How to write an inline IF statement in JavaScript?

How to write an inline IF statement in JavaScript?

How can I use an inline if statement in JavaScript? Is there an inline else statement too?
Something like this:
var a = 2;
var b = 3;

if(a < b) { // do something }

Solutions/Answers:

Solution 1:

You don’t necessarily need jQuery. JavaScript alone will do this.

var a = 2;
var b = 3;    
var c = ((a < b) ? 'minor' : 'major');

The c variable will be minor if the value is true, and major if the value is false.


This is known as a Conditional (ternary) Operator.

https://developer.mozilla.org/en-US/docs/JavaScript/Reference/Operators/Conditional_Operator

Solution 2:

There is a ternary operator, like this:

var c = (a < b) ? "a is less than b"  : "a is not less than b";

Solution 3:

For writing if statement inline, the code inside of it should only be one statement:

if ( a < b ) // code to be executed without curly braces;

Solution 4:

You can also approximate an if/else using only Logical Operators.

(a && b) || c

The above is roughly the same as saying:

a ? b : c

And of course, roughly the same as:

if ( a ) { b } else { c }

I say roughly because there is one difference with this approach, in that you have to know that the value of b will evaluate as true, otherwise you will always get c. Bascially you have to realise that the part that would appear if () { here } is now part of the condition that you place if ( here ) { }.

The above is possible due to JavaScripts behaviour of passing / returning one of the original values that formed the logical expression, which one depends on the type of operator. Certain other languages, like PHP, carry on the actual result of the operation i.e. true or false, meaning the result is always true or false; e.g:

14 && 0          /// results as 0,  not false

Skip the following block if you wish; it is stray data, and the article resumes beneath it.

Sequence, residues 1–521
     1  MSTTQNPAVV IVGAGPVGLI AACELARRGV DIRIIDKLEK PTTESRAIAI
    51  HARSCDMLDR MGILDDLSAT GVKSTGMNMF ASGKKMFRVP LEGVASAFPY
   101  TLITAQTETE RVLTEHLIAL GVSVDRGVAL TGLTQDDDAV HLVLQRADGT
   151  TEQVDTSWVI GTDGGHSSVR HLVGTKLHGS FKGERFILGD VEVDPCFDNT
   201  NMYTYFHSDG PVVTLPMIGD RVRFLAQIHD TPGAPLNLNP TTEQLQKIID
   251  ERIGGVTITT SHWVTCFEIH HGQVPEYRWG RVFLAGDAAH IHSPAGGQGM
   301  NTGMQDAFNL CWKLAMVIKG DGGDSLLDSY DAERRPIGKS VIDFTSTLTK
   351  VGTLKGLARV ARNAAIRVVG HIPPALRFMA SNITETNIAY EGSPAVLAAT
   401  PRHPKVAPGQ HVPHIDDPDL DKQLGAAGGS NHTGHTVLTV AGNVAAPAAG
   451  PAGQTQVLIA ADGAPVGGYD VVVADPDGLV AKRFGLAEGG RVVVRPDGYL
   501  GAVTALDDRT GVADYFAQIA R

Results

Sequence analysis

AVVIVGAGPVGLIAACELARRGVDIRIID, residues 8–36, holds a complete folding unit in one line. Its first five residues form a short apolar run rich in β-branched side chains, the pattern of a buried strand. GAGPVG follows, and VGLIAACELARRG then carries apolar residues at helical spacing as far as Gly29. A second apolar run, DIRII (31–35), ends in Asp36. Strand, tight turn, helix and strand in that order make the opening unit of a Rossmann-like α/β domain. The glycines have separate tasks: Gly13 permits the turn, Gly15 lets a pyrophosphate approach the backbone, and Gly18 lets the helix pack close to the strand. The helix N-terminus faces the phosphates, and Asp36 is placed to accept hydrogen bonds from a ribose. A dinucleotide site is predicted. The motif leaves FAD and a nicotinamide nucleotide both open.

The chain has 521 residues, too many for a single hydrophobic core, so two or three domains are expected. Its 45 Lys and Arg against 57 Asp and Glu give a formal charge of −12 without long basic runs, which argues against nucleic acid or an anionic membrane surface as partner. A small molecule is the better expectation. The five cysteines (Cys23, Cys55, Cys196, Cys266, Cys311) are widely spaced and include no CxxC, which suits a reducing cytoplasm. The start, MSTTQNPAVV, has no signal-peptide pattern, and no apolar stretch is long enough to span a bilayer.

14 || 0          /// results as 14, not true
1 && 2 && 3 && 4 /// results as 4,  not true
true && ''       /// results as ''
{} || '0'        /// results as {}

One main benefit, compared with a normal if statement, is that the first two methods can operate on the righthand-side of an argument i.e. as part of an assignment.

d = (a && b) || c;
d = a ? b : c;

if `a == true` then `d = b` else `d = c`

The only way to achieve this with a standard if statement would be to duplicate the assigment:

if ( a ) { d = b } else { d = c }

You may ask why use just Logical Operators instead of the Ternary Operator, for simple cases you probably wouldn’t, unless you wanted to make sure a and b were both true. You can also achieve more streamlined complex conditions with the Logical operators, which can get quite messy using nested ternary operations… then again if you want your code to be easily readable, neither are really that intuative.

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Solution 5:

In plain English, the syntax explained:

if(condition){
    do_something_if_condition_is_met;
}
else{
    do_something_else_if_condition_is_not_met;
}

Can be written as:

condition ? do_something_if_condition_is_met : do_something_else_if_condition_is_not_met;

Solution 6:

<div id="ABLAHALAHOO">8008</div>
<div id="WABOOLAWADO">1110</div>

parseInt( $( '#ABLAHALAHOO' ).text()) > parseInt( $( '#WABOOLAWADO ).text()) ? alert( 'Eat potato' ) : alert( 'You starve' );